It is a problem that plagues every professional organization and charity. There is never enough money. Organizations have to cut back, scrimp, and save for every purchase and expense. But it does not have to be this way. Associations can create more revenue. They simply need to stop relying solely on members’ dues. While member dues provide a dependable, regular infusion of cash, it has its limits. Only so many members will join an organization every year, retention will only stay at a certain level, and dues can only be raised to a certain point. This means that organizations need to start thinking outside of the box and looking at the potential of non-dues revenue.
Non-Dues Revenue: The Facts
Because of the struggle to generate funds with members’ dues, many organizations are prioritizing other funding strategies. According to Association Advisor, over half of the organizations in the U.S. are making diversifying revenue sources a strategic financial priority. The same study found more than three-quarters of U.S. organizations rely on non-dues revenue for up to 50% of the total organizational annual revenue. Many of these organizations then use this money to demonstrate member value, increase member retention, and grow membership.
Sources Of Non-Dues Revenue: By The Numbers
A recent study found that 90% of Executive Directors, and other executives of associations, believe that live events are very valuable. The reason for this is likely that, since 2011, the fastest-growing organizational media channels are appointment-setting events. Another reason is that two-thirds of organizations with small membership use events as their secondary source of revenue, behind only membership dues.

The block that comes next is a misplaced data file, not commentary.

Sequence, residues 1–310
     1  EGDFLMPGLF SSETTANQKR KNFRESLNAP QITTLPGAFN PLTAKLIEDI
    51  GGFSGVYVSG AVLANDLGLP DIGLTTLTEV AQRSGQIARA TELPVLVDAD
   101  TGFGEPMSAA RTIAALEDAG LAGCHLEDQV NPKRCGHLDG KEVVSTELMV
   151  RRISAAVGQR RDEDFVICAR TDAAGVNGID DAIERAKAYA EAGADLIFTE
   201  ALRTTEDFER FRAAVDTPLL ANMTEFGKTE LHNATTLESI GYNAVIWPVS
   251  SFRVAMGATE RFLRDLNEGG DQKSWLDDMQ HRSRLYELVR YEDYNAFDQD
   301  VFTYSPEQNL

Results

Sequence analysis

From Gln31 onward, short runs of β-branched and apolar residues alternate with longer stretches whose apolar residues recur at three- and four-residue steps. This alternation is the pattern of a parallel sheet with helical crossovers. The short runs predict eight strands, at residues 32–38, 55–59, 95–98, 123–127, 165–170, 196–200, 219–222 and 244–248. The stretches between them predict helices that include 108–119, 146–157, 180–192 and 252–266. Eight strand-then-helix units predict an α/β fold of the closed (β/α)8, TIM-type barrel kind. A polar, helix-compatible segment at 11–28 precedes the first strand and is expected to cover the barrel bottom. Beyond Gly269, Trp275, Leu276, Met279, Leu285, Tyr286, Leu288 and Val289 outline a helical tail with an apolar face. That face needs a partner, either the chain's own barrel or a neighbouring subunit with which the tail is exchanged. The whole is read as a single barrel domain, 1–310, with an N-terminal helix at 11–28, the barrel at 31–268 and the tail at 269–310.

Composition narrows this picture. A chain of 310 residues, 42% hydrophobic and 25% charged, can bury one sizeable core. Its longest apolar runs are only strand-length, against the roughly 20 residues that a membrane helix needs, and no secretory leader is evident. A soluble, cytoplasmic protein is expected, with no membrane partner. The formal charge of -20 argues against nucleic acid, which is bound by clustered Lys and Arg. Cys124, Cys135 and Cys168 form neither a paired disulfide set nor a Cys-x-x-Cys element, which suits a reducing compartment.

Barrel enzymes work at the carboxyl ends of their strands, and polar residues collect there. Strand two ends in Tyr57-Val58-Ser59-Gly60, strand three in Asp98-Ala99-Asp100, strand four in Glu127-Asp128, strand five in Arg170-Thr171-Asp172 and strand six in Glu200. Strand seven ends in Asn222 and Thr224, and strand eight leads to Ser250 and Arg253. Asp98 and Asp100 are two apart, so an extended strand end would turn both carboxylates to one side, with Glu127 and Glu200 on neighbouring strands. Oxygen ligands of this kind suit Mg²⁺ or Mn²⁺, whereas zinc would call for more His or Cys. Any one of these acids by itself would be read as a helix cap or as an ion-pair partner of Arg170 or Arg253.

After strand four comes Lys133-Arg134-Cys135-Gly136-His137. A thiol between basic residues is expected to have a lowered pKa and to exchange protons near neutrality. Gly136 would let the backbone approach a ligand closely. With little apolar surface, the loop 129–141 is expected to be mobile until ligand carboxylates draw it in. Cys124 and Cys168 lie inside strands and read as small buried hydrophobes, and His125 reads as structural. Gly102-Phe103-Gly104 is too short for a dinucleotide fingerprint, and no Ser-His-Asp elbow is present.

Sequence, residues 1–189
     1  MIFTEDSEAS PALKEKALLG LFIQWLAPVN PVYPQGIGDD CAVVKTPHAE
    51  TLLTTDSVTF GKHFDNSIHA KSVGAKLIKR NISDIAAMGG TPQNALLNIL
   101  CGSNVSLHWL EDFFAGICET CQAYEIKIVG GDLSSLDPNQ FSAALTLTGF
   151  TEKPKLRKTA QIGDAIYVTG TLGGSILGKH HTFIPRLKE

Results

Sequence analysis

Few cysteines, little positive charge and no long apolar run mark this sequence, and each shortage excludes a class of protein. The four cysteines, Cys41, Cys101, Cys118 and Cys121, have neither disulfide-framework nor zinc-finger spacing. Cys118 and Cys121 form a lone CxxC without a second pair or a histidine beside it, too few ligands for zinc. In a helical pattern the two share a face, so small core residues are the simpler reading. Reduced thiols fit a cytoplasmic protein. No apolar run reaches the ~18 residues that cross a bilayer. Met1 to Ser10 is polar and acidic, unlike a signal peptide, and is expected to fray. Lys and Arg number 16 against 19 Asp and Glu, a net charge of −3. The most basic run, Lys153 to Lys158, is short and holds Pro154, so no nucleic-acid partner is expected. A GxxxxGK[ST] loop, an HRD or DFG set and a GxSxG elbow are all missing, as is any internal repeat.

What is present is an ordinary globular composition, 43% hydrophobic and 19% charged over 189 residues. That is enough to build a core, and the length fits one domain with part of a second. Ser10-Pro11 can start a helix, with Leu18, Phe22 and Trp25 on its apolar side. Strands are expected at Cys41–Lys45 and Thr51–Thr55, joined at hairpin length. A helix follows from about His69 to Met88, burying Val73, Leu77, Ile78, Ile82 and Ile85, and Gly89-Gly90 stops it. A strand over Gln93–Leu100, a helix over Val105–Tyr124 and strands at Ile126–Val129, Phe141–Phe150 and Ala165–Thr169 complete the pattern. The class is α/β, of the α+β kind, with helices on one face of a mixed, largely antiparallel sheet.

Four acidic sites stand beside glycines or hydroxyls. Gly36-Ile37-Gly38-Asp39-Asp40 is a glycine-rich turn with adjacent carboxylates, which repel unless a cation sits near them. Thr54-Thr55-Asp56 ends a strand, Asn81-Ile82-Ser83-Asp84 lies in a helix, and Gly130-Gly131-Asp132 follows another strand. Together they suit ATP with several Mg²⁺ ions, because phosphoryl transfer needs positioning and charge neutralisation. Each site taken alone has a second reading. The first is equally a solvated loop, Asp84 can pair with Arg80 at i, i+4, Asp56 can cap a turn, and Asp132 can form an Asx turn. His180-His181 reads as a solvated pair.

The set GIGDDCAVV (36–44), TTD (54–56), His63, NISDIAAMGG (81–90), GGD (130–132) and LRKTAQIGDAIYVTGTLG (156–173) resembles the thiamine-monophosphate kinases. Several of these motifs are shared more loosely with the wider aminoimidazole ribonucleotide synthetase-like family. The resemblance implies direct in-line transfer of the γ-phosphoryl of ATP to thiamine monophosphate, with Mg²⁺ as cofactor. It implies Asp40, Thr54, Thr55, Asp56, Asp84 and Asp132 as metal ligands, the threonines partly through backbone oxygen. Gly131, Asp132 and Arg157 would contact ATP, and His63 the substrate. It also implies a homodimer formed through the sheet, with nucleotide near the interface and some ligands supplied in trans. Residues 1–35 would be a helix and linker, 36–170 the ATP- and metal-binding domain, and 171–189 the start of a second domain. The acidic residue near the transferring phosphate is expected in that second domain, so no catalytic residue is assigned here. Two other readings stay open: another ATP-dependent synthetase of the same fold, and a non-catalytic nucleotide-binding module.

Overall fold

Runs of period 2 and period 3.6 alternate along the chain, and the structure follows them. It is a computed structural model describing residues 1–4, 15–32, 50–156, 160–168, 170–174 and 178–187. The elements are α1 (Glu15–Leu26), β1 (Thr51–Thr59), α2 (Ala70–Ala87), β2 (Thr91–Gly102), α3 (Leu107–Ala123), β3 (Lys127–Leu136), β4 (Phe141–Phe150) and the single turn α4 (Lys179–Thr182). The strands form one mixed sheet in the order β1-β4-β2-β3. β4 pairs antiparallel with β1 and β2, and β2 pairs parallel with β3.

One of the factors that makes events so lucrative to organizations is the opportunity for corporate sponsorship. Associations integrate these sponsorships into their social media, which is the primary source of promotion for the event. They can also incorporate the sponsorship into their virtual access portals, as 33% of organizations offer members live virtual access to events.
Sponsorships And Advertising
In the past few years, more and more for-profit companies are seeing how profitable it can be to sponsor not-for-profit organizations. The annual spending in this arena has surpassed half a billion dollars each year for the past several years. When it comes to magazine advertising spending, according to the Angerosa Research Foundation, roughly three-quarters goes to print magazines, with the remainder going to organizations’ digital magazines.
Many associations also utilize their website to raise money with advertising. On average, annually a professional organization can raise almost $60,000 with this method. Organizations could make additional money through sponsorships by utilizing them more in their various communication strategies. Nearly half of all associations already rely on video to reach their members. Additional revenue could be generated by adding sponsorships to these videos, especially if they are educational or training webinars.